Unconscious Plagiarism in Recall: Attribution to the Self, but not for Self-Relevant Reasons


  • Timothy J. Perfect
  • Louisa-Jayne Stark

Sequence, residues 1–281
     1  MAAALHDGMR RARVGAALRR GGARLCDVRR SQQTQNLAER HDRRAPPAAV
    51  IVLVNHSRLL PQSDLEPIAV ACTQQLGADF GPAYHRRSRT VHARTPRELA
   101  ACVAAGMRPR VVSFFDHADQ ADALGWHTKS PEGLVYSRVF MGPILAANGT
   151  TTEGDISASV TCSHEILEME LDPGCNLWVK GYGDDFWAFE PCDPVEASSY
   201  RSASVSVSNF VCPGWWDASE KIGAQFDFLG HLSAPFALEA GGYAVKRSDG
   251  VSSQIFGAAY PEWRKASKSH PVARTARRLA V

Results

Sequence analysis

Previous research has shown that if people improve other’s ideas, they subsequently unconsciously plagiarise them at a dramatically higher rate than if they imagine them, or simply hear them again. It has been claimed that this occurs because improvement resembles the process of generation, and that these are confused during retrieval. However, an alternate possibility is tested here: plagiarism may increases because improvement increases personal relevance of the ideas. Two studies were conducted in which there was an initial generation phase, followed by an elaboration phase in which participants imagined the previous ideas, improved them for their own use, or improved them for an older adult’s use. One week later, participants attempted to recall their own ideas, and generated new solutions to the previous problems. In both studies, improvement of doubled the rate of subsequent plagiarism in the recall own task, but this effect was not mediated by whether people improved ideas for their own use, of for use by someone else. Improvement had no effect on plagiarism in the generate-new task. These studies therefore rule out personal relevance, or personal semantics as the source of the improvement effect in unconscious plagiarism.